Chapter one is a general survey of how the Gospels have been traditionally approached by the Church throughout the ages. Of course, the earliest Christians dated the books much earlier than do modern day scholars. They also accepted traditional `tags' that came along with each book, and by `tags' I mean traditions that were linked to them; they accept that Mark's Gospel was the personal testimony of Peter and that, at least to Papias, Matthew was written originally in a Hebrew dialect. Many of these traditions are now, for the most part, reject by scholars. This chapter also deals with the Synoptic problem and the widely accept hypothesis of "Q", a hypothetical document that both Matthew and Luke used as a source to write their Gospels. (see pp 37-47)

Chapter two deals with new critical methods that scholars have used to understand the literary composition of the Gospels. Personally I feel this chapter is sort of a dry read, but tremendously informative. Blomberg analyses the strengths and weaknesses of form, redaction, literary, and midrash criticism. Blomberg goes on to make a great piont/argument that I wish to highlight here. Granting that Mark's Gospel was the first one written in about 70 C.E., how can we know during the 40 year period between Jesus' death and the first Gospel composition that the oral Jesus tradition wasn't corrupted, and, consequently, infected with corrupted tradition of Jesus sayings, stories and deeds?

Forty years isn't that long, comparatively speaking.
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43 of 49 people found the following review helpful By Conway Wong on December 19, 1997
Format: Paperback
The book is an excellent examination of why evangelicals can intelligently understand what it means to view the Gospels as both theological AND historical works. Dr. Blomberg includes discussions on the use of Midrash, form and redaction criticism, and a chapter discussing miracles. I suggest one take notes while reading the book in order to fully comprehend the solutions that Dr. Blomberg offers to many questions that occur in Gospels research. It is not a soft-brained devotional but a toughminded examination for those who are interested.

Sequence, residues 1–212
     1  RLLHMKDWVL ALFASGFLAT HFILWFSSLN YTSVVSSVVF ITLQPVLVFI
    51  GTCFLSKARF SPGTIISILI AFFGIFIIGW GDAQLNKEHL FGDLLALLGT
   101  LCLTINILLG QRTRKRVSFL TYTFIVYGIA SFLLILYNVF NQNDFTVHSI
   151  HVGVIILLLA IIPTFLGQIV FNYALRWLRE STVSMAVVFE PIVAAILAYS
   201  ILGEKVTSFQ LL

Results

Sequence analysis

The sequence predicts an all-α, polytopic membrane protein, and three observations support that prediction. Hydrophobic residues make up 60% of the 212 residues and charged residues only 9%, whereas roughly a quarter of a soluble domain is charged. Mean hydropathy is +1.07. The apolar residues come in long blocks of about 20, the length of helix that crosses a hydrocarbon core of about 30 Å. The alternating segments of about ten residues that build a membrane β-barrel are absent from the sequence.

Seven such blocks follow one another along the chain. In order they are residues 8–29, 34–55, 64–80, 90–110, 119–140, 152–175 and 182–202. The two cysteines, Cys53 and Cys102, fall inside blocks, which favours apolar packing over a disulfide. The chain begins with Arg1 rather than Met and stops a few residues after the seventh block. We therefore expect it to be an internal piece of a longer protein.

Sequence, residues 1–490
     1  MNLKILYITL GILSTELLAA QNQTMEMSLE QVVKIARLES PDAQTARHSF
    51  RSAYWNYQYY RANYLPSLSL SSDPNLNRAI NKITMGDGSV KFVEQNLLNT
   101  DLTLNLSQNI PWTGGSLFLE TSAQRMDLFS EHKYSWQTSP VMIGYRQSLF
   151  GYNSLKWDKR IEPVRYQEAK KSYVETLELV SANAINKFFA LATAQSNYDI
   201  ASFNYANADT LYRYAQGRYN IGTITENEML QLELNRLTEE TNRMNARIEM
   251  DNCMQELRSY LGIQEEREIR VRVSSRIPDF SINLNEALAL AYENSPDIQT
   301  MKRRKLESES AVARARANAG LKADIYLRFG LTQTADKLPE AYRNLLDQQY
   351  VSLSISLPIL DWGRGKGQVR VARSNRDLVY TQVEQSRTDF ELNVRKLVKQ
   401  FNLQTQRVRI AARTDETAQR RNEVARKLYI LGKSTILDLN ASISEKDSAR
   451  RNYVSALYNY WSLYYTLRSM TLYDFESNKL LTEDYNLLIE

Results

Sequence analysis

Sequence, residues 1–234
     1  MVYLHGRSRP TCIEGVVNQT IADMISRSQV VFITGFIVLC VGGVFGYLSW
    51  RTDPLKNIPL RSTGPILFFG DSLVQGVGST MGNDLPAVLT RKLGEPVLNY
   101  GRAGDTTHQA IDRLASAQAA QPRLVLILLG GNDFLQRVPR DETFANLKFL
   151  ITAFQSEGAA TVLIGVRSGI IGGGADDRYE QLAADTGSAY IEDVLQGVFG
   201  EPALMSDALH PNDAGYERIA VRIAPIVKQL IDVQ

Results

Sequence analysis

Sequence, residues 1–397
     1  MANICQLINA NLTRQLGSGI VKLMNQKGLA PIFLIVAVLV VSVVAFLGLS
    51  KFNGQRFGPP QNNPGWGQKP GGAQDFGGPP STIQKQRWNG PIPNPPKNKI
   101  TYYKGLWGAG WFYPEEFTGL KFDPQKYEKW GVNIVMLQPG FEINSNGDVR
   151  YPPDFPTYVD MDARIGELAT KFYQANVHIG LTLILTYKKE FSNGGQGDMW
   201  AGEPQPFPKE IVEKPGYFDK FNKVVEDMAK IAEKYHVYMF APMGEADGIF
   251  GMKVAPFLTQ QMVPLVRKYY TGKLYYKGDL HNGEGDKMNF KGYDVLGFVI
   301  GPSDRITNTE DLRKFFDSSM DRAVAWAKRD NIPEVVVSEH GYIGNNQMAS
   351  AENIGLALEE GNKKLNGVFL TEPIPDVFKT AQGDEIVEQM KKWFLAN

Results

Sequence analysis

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199 of 245 people found the following review helpful By George R Dekle on February 13, 2001
Format: Paperback
Blomberg distills the findings of the six volumes of "Gospel Perspectives," a work of conservative scholars. Most of those on the left wing of Biblical scholarship would argue that "conservative Bible scholar" is an oxymoron, but Blomberg proves them wrong. He gives a masterful study of the Synoptic Problem, arriving at the two (or four) document hypothesis as the most satsifactory solution. Next he engages in a cogent critique of modern methods of Biblical criticism, pointing out the worth of such methods as well as their preconceptions and limitations.
He then undertakes a study of the historicity of the Gospel stories, and turns in the most compelling scholarly argument I have ever read for the historical reliability of the resurrection narratives. So far, so good. Five stars up to this point.
Unfortunately, it is in his assessment of Gospel historicity that he goes astray. Blomberg argues repeatedly for the "camcorder exactness" of the Gospel stories. If the Gospels say it, that's exactly the way it happened, and any discrepancies from one story to the next are merely "apparent" discrepancies, which can be ironed out with enough imagination. As one who has made a career of evaluating and presenting testimony, I find that discrepancies in testimony don't equate to falsehood, and that it is neither necessary nor wise to pretend that there are no discrepancies in testimony.
Blomberg appears to begin with the conclusion of historical accuracy and to sift the evidence for arguments supporting his conclusion. That's not the way you do it. You work the evidence to form conclusions; you don't form the evidence to fit conclusions. You begin with no firmly fixed preconceptions.